Jagmeet Singh Has Discovered ‘Animal Crossing’

The NDP’s island on the popular video game is a way of reaching out to young voters, a tough demographic to get a vote from. Will it pay off?
September 17, 2021, 8:09pm
Curious Animal Crossing players can now step into a very orange-hued private NDP ‘island’ set up in the final days of Canada’s federal election campaign—a virtual village-slash-virtual campaign headquarters-slash-homage to leader Jagmeet Singh.
The NDP island on Animal Crossing. Photo via NDP.

Curious Animal Crossing players can now step into a very orange-hued private NDP “island” set up in the final days of Canada’s federal election campaign—a virtual village-slash-virtual campaign headquarters-slash-homage to leader Jagmeet Singh.

Beyond the mini NDP signs and an archway of silver and gold balloons, players can duck into a virtual campaign office with a bedroom for Singh upstairs (complete with his signature orange tuxedo and a bike in the corner), an art gallery with works by Indigenous artists, a virtual park, and a village of cute cottages along Layton Lane, a tribute to beloved former NDP leader Jack Layton.

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Animal Crossing, a cutesy Nintendo Switch game where players design their own private islands, was released in 2020 and quickly became a sleeper hit for stressed-out, homebound gamers looking to mentally check out of rising COVID-19 case counts and stay-at-home orders. “Animal Crossing is a place where a lot of folks have congregated,” Amneet Singh, the NDP’s deputy director of outreach (digital), told VICE World News. “We wanted to meet them where they were, so we set up an island to show them what we’re about, what Jagmeet’s about, and how they can get involved.”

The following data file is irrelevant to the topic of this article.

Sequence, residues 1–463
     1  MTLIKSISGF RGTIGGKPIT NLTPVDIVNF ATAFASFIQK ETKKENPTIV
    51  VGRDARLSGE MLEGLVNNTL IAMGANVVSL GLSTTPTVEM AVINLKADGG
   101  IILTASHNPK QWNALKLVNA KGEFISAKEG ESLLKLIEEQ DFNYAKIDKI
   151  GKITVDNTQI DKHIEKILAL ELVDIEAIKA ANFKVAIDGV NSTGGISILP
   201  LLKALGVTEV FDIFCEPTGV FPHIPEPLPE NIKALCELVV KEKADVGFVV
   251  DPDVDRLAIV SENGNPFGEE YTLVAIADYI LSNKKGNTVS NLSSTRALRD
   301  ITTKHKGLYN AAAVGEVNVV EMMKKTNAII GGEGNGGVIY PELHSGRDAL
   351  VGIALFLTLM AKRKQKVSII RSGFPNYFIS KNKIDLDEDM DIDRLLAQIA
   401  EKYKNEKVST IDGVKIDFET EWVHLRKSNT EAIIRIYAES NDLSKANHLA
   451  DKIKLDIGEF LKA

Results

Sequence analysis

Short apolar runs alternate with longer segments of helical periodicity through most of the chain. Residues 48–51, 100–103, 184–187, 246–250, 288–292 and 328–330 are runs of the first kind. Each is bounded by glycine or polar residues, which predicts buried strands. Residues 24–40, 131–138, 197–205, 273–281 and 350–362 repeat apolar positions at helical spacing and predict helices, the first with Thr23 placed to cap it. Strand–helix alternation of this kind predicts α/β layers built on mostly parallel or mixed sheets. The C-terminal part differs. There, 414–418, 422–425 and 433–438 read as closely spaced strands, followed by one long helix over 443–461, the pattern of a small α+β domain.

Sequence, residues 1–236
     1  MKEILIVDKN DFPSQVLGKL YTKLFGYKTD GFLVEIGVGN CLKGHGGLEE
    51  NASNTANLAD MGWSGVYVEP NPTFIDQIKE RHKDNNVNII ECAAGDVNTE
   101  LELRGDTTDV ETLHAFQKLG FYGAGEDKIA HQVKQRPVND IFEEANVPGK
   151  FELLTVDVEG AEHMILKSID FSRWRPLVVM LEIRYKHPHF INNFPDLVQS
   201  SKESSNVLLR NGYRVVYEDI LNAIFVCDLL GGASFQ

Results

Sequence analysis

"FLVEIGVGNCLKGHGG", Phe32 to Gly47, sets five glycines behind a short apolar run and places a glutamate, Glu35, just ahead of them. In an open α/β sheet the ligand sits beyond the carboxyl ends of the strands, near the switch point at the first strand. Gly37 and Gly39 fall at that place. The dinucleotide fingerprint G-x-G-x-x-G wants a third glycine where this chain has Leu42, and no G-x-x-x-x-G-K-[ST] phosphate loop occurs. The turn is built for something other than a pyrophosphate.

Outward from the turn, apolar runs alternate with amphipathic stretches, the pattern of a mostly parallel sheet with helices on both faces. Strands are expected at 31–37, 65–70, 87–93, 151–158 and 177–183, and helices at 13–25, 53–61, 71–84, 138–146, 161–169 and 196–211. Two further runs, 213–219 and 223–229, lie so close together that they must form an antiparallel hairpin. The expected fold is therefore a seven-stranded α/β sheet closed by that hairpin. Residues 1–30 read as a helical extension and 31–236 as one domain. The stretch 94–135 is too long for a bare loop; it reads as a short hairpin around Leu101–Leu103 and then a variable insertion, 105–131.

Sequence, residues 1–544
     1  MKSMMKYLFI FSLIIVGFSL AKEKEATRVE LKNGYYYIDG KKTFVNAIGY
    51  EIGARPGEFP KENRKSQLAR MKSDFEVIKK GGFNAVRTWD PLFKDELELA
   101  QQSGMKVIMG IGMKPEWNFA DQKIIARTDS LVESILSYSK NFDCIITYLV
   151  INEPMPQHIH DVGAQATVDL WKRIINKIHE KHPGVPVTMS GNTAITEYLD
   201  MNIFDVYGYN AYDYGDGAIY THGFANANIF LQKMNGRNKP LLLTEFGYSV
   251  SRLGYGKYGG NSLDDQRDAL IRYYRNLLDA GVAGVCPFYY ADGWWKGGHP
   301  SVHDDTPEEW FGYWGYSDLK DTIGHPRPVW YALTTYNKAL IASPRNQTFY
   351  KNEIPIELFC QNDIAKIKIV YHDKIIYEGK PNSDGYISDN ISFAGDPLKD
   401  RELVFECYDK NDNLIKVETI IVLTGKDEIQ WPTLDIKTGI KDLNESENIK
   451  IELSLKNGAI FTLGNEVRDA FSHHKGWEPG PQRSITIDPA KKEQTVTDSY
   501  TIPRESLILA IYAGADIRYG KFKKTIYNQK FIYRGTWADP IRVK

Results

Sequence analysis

The NDP sees Animal Crossing, as well as Twitch and TikTok, as simply a new frontier to reach voters, following in the footsteps of U.S. progressive politicians like Alexandria Ocasio-Cortez. (Back in 2020, the election campaign for now-President Joe Biden and Vice President Kamala Harris launched its own Animal Crossing island, too.) Singh has blown up on TikTok with videos of how he wraps his turban and even joined a Twitch stream with Ocasio-Cortez in 2020 to talk the emergency COVID benefit CERB, racism, and progressive politics in their respective countries.

But experts say the NDP’s Animal Crossing island is about more than just digital savviness. The party is especially keen on the under-30 vote, among the least likely age group to cast a ballot. In the 2011 election, just 38.8 percent of 18 to 24-year-old voters did so, according to Elections Canada data.

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Fast-forward to 2015, however, and that number jumped to 57.1 percent. “That big group of voters, particularly in 2015, voted overwhelmingly in terms of plurality for the Liberals,” said Justin Leifso, assistant professor of political science at the University of Victoria.

The last Nanos Research poll of the 2015 campaign found 38 percent of Canadians aged 18-29 supported the Liberals—the NDP’s chief rival for left and left-of-centre voters. Just 24 percent of these young voters preferred the NDP, and 23 percent favoured the Conservatives.

At its core, the NDP’s use of Animal Crossing to bring in prospective voters isn’t that dissimilar from more traditional campaign methods like TV ads or whistle stops. Emblazoned all over the island on yellow doormats at the entrance, outside a quartet of virtual U.S.-style election booths, and just inside the virtual campaign office is the URL for the NDP’s get-out-the-vote website—an approach to voter mobilization made famous by Barack Obama’s successful presidential campaigns through NationBuilder.